U.S. Consumer Spending Soft in August -- 3rd Update
By Ben Leubsdorf
The Federal Reserve is facing mixed signals on U.S. inflation as it weighs whether to raise short-term interest rates one more time in 2017.
The Fed's preferred price gauge, the personal-consumption expenditures price index, rose 0.2% in August from a year earlier, the Commerce Department said Friday. Excluding volatile food and energy prices, the index rose a modest 0.1% on the month, less than economists had expected.
Compared with a year earlier, headline prices rose 1.4% and so-called core prices were up just 1.3% -- well below the Fed's long-elusive 2% annual target and showing little evidence of an incipient pickup.
The Fed needs to see "some firming" in the coming months to stay on track for a rate increase in December, "but it doesn't need to be substantial" to clear the bar for action, said Gregory Daco, chief U.S. economist at Oxford Economics.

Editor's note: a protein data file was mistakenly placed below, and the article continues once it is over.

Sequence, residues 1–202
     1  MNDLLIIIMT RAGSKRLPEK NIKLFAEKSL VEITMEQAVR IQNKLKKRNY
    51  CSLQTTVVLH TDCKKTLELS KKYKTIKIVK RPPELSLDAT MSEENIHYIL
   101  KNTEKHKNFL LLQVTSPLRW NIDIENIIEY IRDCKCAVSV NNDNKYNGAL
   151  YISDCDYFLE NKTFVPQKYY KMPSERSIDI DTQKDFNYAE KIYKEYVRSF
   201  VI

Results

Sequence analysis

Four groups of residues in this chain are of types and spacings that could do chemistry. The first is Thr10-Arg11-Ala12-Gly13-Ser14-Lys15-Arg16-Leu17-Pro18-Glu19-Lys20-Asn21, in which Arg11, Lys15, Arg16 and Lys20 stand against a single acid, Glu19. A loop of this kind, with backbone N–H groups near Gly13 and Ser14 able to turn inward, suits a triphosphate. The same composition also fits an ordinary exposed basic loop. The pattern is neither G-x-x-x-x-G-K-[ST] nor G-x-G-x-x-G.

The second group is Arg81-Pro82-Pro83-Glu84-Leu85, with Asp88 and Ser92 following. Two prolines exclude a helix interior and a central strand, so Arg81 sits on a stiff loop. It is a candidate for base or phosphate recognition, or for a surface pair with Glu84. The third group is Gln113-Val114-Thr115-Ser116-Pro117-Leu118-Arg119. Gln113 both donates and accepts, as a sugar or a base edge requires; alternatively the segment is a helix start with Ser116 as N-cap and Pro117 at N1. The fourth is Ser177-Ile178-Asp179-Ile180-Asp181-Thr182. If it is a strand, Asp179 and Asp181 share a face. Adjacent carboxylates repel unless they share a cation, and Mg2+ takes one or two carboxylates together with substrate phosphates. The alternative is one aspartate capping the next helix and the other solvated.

Another broad gauge of U.S. inflation, the Labor Department's consumer-price index, showed stronger growth for headline and core prices in August. That was in part due to a jump in shelter costs; the Fed-favored PCE index gives significantly less weight to housing than does the CPI.
"That's just in the composition of the two different baskets," Mr. Daco said.
Price growth has been subdued in recent months even with the unemployment rate hovering below 4.5%, surprising central-bank officials who expect price and wage pressures to build in response to a tightening labor market. Some have blamed one-off factors, such as a sharp decline this spring in prices for cellphone plans, while other policy makers have worried that the slump may reflect more fundamental forces.
"My colleagues and I currently think that this year's low inflation is probably temporary, so we continue to anticipate that inflation is likely to stabilize around 2% over the next few years," Fed Chairwoman Janet Yellen said Tuesday during a speech in Cleveland.